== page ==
Right after “Born Yesterday,” Judy Holiday made a film called “The Marrying Kind” in 1952. George Cukor directed both films and although Holiday definitely plays a New Yorker in both movies, she’s more of a working class heroine in The Marrying Kind. Holiday plays Florie Keefer, the wife of Chet Keefer, who works as a mail sorter at the Post Office. Aldo Ray, in his first major role, plays the hot-headed and unsympathetic Chet.
Ruth Gordon and Garson Kanin’s extremely talky script must have presented a challenge to Cukor as he staged scene after scene of domestic situations. But he opens up the story with New York street scenes and by showing the massive mail sorting machinery at Chet’s workplace. As the years go by and the Keefers bear children, their increasing domestic squabbles threaten their marriage. The film tells their story in flashback as Florrie and Chet relate their stories of the marriage before a judge (Madge Kennedy) in her chambers.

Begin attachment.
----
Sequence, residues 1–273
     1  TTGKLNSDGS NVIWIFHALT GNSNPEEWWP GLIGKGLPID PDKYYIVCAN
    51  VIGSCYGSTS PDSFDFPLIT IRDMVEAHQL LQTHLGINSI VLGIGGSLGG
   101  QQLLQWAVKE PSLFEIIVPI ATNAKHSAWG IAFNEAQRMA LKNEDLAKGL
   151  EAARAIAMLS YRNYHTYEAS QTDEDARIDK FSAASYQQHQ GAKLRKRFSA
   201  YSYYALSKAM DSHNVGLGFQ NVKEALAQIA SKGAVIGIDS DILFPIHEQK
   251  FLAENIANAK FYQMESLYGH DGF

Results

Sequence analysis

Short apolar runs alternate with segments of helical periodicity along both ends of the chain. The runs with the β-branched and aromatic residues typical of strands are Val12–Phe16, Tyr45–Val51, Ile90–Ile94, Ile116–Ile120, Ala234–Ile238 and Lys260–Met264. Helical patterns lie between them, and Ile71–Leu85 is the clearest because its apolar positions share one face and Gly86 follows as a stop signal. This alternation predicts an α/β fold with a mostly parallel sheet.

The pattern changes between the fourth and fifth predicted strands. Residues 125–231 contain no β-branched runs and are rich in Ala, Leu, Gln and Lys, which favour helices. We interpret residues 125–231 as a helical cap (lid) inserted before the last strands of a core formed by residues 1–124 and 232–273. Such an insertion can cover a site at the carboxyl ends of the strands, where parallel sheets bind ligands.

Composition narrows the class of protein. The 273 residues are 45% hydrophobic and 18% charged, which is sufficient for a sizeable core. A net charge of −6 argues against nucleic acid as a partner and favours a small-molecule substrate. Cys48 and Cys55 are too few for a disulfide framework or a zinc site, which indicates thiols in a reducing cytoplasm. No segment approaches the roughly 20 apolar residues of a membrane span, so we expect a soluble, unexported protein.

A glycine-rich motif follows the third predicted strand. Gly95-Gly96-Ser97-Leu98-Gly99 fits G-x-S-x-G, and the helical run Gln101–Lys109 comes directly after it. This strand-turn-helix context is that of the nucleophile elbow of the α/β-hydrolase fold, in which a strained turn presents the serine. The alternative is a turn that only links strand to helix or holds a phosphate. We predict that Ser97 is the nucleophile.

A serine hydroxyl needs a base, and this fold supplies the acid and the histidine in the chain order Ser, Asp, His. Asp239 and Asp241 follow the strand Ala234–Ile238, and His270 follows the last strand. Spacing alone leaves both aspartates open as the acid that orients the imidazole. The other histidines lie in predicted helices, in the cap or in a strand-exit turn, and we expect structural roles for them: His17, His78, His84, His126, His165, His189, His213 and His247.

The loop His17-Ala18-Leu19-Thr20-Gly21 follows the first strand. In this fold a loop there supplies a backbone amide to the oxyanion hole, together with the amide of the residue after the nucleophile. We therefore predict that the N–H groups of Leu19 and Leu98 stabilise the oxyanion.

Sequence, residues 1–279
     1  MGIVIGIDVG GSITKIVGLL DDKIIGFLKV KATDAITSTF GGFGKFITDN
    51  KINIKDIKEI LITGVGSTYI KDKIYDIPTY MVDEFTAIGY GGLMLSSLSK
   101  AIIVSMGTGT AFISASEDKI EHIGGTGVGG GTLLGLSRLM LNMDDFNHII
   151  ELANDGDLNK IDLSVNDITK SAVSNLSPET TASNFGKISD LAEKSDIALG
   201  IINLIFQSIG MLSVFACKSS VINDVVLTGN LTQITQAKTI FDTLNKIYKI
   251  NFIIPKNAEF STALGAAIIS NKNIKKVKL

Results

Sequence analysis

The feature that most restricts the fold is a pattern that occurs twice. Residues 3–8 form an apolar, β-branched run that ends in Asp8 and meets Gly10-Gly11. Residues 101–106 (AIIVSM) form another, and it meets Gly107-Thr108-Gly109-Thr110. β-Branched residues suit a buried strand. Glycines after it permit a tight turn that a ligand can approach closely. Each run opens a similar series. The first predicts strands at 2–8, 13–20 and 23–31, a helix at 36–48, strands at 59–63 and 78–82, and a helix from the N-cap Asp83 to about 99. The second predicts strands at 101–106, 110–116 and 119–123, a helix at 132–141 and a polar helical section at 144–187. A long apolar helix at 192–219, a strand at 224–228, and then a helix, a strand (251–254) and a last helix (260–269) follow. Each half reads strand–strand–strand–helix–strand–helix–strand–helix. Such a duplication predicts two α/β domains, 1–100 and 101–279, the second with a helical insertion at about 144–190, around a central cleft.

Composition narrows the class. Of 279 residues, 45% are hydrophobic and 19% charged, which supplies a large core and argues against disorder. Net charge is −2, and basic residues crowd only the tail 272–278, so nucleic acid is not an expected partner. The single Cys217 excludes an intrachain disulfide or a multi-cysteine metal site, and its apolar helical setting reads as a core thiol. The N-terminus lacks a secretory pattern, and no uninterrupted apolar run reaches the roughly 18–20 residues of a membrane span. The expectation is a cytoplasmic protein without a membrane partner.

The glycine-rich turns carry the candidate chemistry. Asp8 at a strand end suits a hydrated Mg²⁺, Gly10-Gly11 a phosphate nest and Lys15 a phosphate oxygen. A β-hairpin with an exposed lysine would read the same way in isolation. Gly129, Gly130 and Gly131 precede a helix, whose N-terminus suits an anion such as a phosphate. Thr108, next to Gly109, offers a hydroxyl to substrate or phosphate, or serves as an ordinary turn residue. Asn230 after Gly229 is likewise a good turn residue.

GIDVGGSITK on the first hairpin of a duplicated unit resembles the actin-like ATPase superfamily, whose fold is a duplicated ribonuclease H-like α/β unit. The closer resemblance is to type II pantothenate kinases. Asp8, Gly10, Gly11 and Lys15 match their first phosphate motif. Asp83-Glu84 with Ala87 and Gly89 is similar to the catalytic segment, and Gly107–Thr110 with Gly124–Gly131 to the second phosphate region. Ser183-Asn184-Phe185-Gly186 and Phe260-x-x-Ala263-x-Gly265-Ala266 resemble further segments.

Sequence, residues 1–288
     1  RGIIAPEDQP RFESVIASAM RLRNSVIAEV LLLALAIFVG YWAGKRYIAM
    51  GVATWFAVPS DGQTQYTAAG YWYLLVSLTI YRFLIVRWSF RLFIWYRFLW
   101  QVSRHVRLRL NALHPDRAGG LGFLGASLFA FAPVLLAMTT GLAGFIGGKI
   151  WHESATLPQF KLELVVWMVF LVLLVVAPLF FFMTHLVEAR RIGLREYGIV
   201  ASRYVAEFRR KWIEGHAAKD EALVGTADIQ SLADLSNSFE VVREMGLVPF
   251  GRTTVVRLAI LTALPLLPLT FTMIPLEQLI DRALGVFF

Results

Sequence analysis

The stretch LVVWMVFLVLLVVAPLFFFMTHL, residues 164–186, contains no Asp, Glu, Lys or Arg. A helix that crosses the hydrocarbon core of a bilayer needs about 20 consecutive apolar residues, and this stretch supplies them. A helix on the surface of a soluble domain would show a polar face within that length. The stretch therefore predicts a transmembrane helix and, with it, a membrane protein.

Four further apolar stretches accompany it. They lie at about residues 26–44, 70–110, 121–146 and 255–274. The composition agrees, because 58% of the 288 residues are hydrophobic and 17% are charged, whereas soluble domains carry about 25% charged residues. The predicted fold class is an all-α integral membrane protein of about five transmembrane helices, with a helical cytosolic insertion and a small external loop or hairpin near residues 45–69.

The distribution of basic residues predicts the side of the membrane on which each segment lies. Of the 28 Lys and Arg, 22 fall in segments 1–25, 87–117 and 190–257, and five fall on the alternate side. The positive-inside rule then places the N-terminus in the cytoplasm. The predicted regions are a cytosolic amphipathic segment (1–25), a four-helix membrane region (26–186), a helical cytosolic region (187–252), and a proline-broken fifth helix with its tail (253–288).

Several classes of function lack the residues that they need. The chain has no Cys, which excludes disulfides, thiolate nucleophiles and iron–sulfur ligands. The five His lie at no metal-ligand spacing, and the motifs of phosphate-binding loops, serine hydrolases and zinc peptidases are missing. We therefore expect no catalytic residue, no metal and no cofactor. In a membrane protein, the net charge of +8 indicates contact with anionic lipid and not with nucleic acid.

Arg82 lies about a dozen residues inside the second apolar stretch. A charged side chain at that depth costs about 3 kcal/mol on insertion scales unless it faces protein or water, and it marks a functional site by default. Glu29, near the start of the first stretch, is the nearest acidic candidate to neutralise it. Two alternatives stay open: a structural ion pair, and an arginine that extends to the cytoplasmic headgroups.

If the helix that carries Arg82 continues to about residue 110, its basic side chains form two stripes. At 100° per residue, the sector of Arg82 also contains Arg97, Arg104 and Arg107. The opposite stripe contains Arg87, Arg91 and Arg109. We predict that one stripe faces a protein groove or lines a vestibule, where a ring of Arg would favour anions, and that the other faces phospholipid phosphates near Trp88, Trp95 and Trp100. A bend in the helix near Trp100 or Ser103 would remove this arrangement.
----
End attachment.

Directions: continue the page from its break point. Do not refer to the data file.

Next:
Gordon and Kanin deliver a sensitive script, with a lot of compelling observations about married life. At one point, for instance, Florrie says she feels more lonely being married than she ever did being single. The movie shows that most marital arguments concern trivial matters, and goes on to illustrate it. We hear and see a lot of stupid arguments between Florrie and Chet, and that yelling becomes unpleasant after a while. Holiday does not develop enough chemistry with Ray, except that both of their characters try very hard to do right. Holiday has tons of chemistry with William Holden in Born Yesterday, but he would have been miscast as a working stiff in this movie.